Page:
2009-08-08 / Top News

Ste. Anne's Hosts Fundraiser for Windows

By Jane Alexander

Ste. Anne's Church is preparing for a makeover. The church will host a Garden Party Sunday, August 9, from 3:30 p.m. to 6 p.m. to raise funds for the renovation of its stained glass windows.

The party will feature wine, hors d'oeuvres, and a silent auction.

Jim Morse, who is in charge of church maintenance and is spearheading the window renovations, said the work will be done in three phases. The first phase, for which the church is currently raising money, includes the front windows that are visible from Main Street. The second and third phases will be the side windows and the back windows, respectively.

The windows will be removed, restored, reglazed where needed, vented, and replaced with new protective covers. The covers will be changed from the current thick-plated glass to an acrylic plastic, to afford better visibility. The church is currently collecting bids on the project, and plans to hire a local crew to help with the refurbishment. An engineer was also hired to examine the property, draw up blueprints, and make sure the plans are up to diocese regulations.

The work will be quite expensive, Mr. Morse said.

"I wouldn't be surprised if each window costs roughly $8,000 to $10,000, depending on the size of it," he said, "because they have to remove it, lay it down, clean it, and put it back in. The church is so old that we don't know what the structure behind the windows [will be like]. We know some of it's bad, that's a part of why we've got to do this. I just don't want to find some of these windows lying on the ground."

The church held a similar garden party last year to gather funds for the project.

"Last year, we raised just under $40,000, $38,000, through our generous community, and other people have heard about this and other churches have donated," Mr. Morse said. "Some people are very generous, and that's kind of what we need. So if we could bankroll a little bit more and just go as far as it will go, hopefully this will bring us through the front" windows.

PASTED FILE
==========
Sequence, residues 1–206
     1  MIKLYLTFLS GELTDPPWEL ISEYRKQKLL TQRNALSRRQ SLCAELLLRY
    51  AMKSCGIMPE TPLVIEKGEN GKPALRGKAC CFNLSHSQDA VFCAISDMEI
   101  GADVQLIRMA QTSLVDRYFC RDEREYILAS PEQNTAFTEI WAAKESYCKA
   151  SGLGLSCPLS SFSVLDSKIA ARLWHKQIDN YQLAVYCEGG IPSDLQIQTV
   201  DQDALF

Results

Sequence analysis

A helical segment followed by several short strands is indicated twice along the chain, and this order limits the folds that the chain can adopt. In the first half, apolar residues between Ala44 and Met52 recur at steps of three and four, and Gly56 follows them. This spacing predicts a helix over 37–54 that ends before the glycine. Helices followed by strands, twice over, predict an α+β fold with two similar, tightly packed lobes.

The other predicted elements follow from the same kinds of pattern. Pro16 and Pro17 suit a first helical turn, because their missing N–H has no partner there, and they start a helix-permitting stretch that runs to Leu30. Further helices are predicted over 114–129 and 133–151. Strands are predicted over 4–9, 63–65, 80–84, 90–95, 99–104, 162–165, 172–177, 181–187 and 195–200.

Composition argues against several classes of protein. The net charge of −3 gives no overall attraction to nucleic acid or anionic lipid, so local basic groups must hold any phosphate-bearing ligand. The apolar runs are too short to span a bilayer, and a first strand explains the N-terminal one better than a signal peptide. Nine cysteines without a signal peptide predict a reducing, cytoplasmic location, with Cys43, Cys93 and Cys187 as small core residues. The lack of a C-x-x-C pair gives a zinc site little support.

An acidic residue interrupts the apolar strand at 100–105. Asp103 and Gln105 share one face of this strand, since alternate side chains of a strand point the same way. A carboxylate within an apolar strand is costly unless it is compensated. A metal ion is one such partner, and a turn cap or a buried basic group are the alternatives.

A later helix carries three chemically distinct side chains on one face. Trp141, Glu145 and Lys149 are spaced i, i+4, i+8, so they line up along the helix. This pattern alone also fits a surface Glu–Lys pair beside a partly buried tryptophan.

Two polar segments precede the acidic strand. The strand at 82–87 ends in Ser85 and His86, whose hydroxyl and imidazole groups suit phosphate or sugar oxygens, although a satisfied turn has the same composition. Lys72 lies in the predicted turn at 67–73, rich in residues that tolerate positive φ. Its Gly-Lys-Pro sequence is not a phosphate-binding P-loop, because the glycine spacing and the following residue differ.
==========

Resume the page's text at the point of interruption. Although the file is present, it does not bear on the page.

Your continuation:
Mr. Morse said the church will have a better idea of how much money and work the project will require after the first phase of the replace- ment, as workers will then better understand the church's underlying structure.

"There are some structure problems that I and some of the contractors were looking at, and we're not going to know [what they are] until we take that tin off the front, and it could be scary," he said. "So that's why we're also looking for local boys who understand these particular problems."

Mr. Morse said he is eager to see the windows in the back of the church refurbished, as they date to the 1870s, when the church and rectory were demolished and the current church was erected.

"You can't even see them unless you go up in the attic. I'm the only one who ever sees them," he said. "I mean they're cool. Õ They're like a whole different window. They were acid-etched and then they painted them by hand. If you stood in the back of the church, in the very back in the back alley and looked up, there are four. You can barely see through them, it and they just kind of look like colored glass, but they're actually really beautiful. They're hand painted, they're just really elaborate."

In the five years Mr. Morse has worked at the church, he's helped to remodel the kitchen, paint the rails, improve the gardens, rebuild the bell tower, repair the roof, paint interior rooms, build the porch, and more, he said. In the future, he hopes to refinish the wood floors and replace the carpets and rugs, but, for now, the stained glass windows would be a huge improvement.

"These stained glass windows would be really nice, because we've got to compete with other churches for weddings, and if you were getting married wouldn't you like to be in a pretty church? That's what we're after here."

He added that any size contribution would be welcome at the garden party.

"We've got some really nice pieces for the auction this year, we'll have wine and hors' oeuvres, and make a pleasant afternoon of it. Everyone's welcome, please come, and they can donate anything. Anything helps."

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